The new tax is necessary, in part, because Scranton’s proposed budget for 2013 is $109 million, up from $85 million this year.  The increase is mostly the result of a $17 million court-ordered arbitration settlement to the city’s police and fire unions and a $4-million increase in contributions to the city’s pension fund.

The city has more than $300 million in debt, including a $113-million unfunded pension liability.

COMMUTER TAX: The tax will target residents of the gray areas on this map, while the revenues will fund the city government (Scranton neighborhoods colored).

Burke points out that businesses and workers in Scranton already are subject to a litany of taxes.

Businesses pay a mercantile tax and a business privilege tax, both of which are increasing in the new budget, while workers in the city pay a $52 annual fee known as a “local services tax” and pay between $70 and $120 monthly to park in the city.

Burke said the commuter tax will make it harder for businesses in the city to compete with their suburban counterparts.  Fewer businesses locating in the city has a ripple effect that will damage the restaurants, retailers and other service providers in the city core, making it counterproductive to enact the new tax.

“The ultimate effect will be the reduction of the city’s tax base and future revenue streams,” Burke said.

Steve Frates, director of research at the Davenport Institute at Pepperdine University, said the new tax would be “one more incentive for business to leave Scranton.”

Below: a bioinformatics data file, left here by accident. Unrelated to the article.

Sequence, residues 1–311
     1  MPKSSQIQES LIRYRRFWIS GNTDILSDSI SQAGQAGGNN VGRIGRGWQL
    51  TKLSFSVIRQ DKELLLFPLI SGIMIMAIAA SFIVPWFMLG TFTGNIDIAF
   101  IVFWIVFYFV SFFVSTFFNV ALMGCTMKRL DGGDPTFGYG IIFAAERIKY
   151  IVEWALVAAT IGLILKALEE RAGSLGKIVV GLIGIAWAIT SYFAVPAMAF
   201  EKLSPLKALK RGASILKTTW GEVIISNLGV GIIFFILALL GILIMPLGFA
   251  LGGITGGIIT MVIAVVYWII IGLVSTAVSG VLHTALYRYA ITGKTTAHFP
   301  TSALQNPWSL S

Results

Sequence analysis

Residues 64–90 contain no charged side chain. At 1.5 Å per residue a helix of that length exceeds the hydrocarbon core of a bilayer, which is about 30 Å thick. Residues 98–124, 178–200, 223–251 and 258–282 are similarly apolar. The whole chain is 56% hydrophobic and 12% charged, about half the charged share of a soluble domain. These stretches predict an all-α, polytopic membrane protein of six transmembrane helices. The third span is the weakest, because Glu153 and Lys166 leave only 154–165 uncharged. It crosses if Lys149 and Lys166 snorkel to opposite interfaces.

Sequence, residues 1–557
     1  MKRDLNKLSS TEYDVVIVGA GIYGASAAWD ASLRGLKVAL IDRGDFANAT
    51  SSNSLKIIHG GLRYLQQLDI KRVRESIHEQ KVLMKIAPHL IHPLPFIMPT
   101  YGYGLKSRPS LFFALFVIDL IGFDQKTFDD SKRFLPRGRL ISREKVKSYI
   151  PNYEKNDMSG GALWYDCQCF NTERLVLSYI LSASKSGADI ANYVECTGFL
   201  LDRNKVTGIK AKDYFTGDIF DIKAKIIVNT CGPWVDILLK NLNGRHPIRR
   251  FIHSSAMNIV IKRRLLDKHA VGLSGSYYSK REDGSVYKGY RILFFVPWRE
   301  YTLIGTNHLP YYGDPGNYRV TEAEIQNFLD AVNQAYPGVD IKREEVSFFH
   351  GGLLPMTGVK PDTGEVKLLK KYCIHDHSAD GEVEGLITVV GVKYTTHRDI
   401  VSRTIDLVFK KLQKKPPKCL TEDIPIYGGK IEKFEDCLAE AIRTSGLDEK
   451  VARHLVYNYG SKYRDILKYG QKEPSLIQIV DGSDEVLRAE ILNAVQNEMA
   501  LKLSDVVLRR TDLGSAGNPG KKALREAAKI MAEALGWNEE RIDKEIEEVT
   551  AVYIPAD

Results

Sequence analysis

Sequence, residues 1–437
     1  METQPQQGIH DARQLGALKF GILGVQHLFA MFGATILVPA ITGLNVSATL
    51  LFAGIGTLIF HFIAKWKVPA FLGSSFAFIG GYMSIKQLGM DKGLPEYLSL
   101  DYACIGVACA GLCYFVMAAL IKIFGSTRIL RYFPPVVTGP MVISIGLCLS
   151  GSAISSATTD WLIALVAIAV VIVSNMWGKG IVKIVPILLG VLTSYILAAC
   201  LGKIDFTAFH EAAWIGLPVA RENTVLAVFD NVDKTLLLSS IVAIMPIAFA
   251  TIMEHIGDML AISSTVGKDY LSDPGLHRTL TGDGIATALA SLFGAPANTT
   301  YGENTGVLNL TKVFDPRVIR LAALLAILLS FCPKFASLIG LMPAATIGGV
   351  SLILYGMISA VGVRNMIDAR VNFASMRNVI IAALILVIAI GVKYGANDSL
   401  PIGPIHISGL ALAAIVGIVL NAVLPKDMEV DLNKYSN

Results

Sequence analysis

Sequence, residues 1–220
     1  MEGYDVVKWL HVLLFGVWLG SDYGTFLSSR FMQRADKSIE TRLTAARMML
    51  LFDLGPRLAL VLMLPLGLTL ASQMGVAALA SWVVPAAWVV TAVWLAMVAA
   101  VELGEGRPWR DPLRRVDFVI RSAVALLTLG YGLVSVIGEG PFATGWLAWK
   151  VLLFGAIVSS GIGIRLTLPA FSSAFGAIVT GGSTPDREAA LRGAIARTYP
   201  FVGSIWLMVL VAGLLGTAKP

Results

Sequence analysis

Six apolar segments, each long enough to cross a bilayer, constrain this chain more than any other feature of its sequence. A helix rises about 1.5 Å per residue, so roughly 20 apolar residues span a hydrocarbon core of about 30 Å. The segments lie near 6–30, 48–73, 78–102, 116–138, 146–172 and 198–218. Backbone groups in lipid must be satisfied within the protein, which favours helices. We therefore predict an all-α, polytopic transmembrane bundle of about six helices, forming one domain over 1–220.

In addition to that, it’s a clear message to other businesses not to locate in Scranton,” Frates said.

Scranton already has some experience with a temporary commuter tax.  The city instituted a 1-percent commuter tax in 1992 as part of its Act 47 recovery plan.  The tax was discontinued two years later.

“The commuter tax is seen as a bridge for the city to work through for the next three years — but there is no guarantee that the tax would be a part of any future recovery plan,” said Gerald Cross, executive director of the Pennsylvania Economy League, a nonprofit that contracts with the state to oversee recovery plans for a handful of municipalities in Act 47, including Scranton.

Under state law, a municipality must pass a three-pronged test before it can implement a commuter tax.  It must show that it has raised taxes and fees on its own residents, demonstrate that its revenue is insufficient to meet its obligations and take steps to win approval from voters and other groups for the new tax.

Frates said any supposed temporary tax proposals should be viewed with a degree of skepticism.  Once in place, so-called “temporary taxes” rarely get repealed, he said.

Nationally, commuter taxes are rarely implemented, Frates said, but there is an obvious political benefit to taxing commuters — they do not get to vote against the mayor or city council.

In opposition to the tax, 31 municipalities in Lackawanna County have banded together to form STOP (Scranton Taxing Our People) They are pooling resources in an attempt to have legal representation at the Dec. 10 hearing in Lackawanna County Court.

The ruling made by that court could affect other cities in the state as well. Some officials have suggested a commuter tax for Harrisburg, the state capital, which is struggling under its own pile of more than $400 million in debt.

If they cannot kill the tax proposal in court, Chelik said his group may threaten an organized boycott of the city by the external municipalities.

Contact Eric Boehm at Eric@PAIndependent.com and follow @PAIndependent on Twitter

— Edited by Kelly Carson, kcarson@watchdog.org

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Eric Boehm is a reporter for PA Independent. He can be reached at Eric@PAIndependent.com or at (717) 350-0963.